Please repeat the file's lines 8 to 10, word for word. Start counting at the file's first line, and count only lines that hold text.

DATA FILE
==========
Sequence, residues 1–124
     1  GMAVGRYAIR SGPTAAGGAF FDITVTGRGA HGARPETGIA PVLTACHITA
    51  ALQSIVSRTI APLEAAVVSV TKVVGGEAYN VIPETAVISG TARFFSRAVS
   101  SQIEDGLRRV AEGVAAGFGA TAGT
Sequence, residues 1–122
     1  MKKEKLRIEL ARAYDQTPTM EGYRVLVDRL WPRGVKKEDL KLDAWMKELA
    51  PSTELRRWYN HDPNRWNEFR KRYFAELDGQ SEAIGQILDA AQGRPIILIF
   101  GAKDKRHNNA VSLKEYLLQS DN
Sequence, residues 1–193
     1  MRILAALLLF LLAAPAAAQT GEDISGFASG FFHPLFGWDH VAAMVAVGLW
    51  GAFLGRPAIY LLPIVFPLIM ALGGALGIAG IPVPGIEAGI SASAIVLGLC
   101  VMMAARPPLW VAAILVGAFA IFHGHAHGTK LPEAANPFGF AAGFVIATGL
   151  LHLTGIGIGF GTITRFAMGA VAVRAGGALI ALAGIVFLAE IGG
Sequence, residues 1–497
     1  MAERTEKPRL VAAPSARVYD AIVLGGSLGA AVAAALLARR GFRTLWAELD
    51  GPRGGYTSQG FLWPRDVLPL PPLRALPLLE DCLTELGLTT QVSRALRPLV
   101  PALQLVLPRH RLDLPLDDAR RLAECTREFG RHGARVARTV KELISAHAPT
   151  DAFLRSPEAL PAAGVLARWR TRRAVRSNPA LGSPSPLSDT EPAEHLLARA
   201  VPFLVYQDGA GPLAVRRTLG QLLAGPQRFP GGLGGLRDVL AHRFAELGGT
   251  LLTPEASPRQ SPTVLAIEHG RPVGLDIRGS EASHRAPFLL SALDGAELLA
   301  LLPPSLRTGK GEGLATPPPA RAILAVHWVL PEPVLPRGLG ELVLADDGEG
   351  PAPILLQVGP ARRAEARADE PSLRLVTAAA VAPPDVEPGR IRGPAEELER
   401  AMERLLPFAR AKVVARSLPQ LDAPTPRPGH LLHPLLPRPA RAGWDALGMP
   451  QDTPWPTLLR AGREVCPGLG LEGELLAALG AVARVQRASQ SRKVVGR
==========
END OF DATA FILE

   101  GAKDKRHNNA VSLKEYLLQS DN
Sequence, residues 1–193
     1  MRILAALLLF LLAAPAAAQT GEDISGFASG FFHPLFGWDH VAAMVAVGLW